The basis of any given tower defence game is the narrow premise of placing towers to defend against some encroaching... thing. Honestly, the rest is quite vague. I've seen some that are meant to emulate doodles on a desk, and the invaders are office supplies. I've seen another where all of the turrets you use are Tetris pieces. And another where everything is made up of weird techno-lasers. These kinds of games are simple, often lacking any real narrative. In their day, they weren't too far flung from interactive click-bait.
Defense Grid came to define itself more by what it wasn't than by what it was. Where most tower defence games were cheap cash-ins, Defense Grid felt like a full game. In place of a nebulous pseudo-narrative, there was an actual plot. The love and care was evident and helped distinguish it from a genre infamous for mediocrity. Defense Grid 2 doesn't have quite the same baggage. The tower defence craze hasn't just subsided; it's been almost completely absent for years. In that sense, Defense Grid 2 feels paradoxically foreign and familiar. All of the elements with which you're likely familiar are there - towers, waves of different enemies, and some McGuffin you're tasked with protecting - but they seem out of place now. The fact that essentially nothing has changed in minute-to-minute play doesn't help.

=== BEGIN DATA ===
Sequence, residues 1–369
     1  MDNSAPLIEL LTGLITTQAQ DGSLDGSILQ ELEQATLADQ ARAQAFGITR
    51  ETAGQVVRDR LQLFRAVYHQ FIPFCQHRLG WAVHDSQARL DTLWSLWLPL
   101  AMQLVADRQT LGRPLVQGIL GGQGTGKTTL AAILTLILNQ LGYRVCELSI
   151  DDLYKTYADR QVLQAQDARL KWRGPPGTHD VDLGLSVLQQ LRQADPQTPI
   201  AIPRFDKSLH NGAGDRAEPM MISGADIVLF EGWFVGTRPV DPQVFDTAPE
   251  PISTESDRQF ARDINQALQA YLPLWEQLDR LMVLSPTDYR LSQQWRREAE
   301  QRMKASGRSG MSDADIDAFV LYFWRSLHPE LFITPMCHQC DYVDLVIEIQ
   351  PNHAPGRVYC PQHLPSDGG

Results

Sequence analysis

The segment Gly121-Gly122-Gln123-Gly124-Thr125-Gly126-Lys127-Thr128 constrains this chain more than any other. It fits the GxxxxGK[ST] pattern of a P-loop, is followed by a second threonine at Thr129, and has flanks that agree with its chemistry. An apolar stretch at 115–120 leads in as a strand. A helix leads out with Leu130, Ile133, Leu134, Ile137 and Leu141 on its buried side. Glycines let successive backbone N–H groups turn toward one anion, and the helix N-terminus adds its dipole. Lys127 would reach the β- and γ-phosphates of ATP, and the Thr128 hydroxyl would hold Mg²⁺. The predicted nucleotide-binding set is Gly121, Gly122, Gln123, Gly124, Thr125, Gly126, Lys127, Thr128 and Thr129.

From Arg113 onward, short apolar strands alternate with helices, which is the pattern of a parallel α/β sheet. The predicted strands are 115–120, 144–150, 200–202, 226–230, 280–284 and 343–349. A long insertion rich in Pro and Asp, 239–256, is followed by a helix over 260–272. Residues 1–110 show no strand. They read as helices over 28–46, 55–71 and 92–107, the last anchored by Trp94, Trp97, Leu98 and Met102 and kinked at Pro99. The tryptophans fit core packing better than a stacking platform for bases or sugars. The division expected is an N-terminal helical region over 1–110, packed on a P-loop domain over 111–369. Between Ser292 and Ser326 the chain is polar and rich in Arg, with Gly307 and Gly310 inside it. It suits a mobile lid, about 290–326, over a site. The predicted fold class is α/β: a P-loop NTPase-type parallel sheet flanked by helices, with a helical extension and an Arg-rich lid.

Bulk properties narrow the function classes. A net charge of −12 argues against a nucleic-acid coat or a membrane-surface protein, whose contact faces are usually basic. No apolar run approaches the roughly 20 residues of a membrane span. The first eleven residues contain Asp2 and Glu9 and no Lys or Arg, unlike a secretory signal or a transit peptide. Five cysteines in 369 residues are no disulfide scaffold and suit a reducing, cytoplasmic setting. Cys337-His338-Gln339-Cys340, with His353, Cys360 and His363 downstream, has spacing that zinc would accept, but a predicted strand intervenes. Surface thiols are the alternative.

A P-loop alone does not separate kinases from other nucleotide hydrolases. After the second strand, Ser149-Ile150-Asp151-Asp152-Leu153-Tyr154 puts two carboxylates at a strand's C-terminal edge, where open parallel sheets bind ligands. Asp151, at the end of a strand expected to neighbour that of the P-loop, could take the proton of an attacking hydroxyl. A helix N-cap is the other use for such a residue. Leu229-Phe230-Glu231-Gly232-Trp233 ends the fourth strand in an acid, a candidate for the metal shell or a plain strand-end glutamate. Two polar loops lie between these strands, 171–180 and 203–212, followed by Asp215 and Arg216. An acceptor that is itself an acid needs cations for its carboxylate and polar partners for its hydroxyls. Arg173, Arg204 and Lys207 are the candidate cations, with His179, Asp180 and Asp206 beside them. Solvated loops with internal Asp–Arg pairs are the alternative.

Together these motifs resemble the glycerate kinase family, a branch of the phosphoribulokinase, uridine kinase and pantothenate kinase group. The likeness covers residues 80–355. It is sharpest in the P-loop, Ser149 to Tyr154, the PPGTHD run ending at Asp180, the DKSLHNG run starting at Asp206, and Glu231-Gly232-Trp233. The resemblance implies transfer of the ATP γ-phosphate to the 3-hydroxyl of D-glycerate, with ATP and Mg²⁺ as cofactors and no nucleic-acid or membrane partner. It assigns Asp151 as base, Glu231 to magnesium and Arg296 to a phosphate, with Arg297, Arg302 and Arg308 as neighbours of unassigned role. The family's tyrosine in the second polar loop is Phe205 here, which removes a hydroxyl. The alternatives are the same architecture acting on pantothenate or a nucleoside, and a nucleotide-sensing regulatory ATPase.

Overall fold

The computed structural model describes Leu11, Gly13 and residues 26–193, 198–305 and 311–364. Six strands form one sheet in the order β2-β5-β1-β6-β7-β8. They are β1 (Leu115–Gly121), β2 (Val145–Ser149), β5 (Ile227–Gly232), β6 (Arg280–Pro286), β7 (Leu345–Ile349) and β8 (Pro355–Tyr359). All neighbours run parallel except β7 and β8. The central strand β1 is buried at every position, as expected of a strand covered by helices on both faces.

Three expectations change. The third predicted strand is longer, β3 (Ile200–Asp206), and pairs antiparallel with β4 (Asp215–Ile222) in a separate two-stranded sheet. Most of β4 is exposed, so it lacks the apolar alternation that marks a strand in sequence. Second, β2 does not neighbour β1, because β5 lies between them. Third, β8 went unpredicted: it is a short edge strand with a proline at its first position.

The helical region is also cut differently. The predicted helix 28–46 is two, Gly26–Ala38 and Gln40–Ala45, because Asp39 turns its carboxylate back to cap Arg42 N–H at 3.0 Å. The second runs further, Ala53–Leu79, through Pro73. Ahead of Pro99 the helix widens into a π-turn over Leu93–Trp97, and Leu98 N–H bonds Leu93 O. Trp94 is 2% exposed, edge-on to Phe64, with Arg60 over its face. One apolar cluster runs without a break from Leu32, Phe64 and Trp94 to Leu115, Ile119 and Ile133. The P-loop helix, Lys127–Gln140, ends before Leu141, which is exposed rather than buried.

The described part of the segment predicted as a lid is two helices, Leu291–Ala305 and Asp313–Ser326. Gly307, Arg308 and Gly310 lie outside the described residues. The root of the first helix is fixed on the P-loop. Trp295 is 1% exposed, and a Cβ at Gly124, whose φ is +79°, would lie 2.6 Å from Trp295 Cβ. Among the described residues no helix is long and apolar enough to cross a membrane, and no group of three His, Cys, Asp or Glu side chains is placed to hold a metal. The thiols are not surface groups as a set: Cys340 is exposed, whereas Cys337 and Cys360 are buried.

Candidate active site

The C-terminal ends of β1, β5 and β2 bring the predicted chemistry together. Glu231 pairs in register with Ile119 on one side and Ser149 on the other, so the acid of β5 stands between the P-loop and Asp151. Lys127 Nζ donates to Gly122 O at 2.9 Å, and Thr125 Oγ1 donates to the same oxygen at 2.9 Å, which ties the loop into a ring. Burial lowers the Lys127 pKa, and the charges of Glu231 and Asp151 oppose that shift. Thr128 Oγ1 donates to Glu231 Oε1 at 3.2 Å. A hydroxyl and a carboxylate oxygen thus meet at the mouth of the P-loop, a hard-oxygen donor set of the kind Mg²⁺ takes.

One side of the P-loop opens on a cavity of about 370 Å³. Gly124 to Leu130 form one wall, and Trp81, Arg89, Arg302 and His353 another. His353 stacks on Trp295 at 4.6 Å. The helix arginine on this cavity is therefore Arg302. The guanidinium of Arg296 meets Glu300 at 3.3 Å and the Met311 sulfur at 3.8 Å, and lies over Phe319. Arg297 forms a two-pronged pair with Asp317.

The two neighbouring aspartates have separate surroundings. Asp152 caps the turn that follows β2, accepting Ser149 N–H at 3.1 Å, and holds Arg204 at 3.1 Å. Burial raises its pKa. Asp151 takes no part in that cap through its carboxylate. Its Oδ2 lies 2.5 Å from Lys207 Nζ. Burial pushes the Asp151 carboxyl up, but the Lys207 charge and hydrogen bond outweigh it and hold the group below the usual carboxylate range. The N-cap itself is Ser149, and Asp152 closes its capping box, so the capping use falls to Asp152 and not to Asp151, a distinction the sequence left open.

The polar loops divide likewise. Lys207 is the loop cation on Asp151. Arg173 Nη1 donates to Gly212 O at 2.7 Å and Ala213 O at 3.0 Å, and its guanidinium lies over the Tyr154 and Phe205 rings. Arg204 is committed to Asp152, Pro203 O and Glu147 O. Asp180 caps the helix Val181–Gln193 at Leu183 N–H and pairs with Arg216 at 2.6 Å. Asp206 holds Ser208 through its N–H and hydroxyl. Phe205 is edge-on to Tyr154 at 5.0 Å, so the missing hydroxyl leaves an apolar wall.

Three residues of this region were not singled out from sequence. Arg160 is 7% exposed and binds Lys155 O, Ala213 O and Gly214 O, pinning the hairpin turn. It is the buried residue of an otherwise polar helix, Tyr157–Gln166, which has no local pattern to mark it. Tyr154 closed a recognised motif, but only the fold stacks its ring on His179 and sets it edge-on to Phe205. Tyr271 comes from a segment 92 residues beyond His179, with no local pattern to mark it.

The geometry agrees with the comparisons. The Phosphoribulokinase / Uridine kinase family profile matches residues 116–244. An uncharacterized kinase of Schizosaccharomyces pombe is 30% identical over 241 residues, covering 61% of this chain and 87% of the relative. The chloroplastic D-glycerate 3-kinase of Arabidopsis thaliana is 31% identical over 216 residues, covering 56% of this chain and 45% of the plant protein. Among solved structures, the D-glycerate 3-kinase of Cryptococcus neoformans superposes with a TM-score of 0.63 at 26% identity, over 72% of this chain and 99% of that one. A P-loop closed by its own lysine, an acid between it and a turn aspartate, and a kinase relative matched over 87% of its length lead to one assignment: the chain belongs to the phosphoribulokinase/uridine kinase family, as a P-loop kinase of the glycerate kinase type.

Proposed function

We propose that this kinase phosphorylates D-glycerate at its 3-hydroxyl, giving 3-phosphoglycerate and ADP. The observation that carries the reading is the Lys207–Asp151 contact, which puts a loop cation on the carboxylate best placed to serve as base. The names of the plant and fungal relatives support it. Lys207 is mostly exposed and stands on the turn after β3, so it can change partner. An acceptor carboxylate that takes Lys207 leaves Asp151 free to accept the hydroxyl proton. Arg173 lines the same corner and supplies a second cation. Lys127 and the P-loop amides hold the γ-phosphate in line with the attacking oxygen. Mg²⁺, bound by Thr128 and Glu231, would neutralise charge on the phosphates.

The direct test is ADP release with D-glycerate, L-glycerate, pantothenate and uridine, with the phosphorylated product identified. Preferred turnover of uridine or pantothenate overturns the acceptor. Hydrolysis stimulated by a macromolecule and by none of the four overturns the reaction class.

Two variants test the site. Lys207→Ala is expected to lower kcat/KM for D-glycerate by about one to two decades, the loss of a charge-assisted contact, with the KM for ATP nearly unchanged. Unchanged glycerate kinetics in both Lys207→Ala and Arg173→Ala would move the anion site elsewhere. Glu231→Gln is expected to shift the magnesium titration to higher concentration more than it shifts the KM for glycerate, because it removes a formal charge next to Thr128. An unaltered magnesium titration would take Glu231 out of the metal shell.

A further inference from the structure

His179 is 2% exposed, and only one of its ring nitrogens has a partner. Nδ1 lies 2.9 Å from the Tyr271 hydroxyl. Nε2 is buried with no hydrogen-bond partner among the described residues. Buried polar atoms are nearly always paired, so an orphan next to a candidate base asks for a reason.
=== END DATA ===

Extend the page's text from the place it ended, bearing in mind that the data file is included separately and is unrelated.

You'll have a few main different kinds of towers - each with different specialisations and effects. Inferno Towers, for example, are great against groups of weak enemies, while cannons help with fewer, more heavily armoured foes. Which tower is most effective is determined by a combination of core stats - fire-rate, range, and total damage dealt per shot. Earlier in the game you can get by with just a few of each type for generalised coverage, but as the difficulty ramps up, you'll need to consider your choices a bit more carefully. You can upgrade and sell your towers as well, in case you need a bit more oomph or you found you've made a mistake in placement. Overall, though, the basics are straightforward. In fact, with the exception of the narrative, the only substantive difference is multiplayer modes. Now when you've finished the admittedly short campaign (I finished in less than six hours), instead of just trying it again on harder difficulties, you can put your skills to the test against or with other players.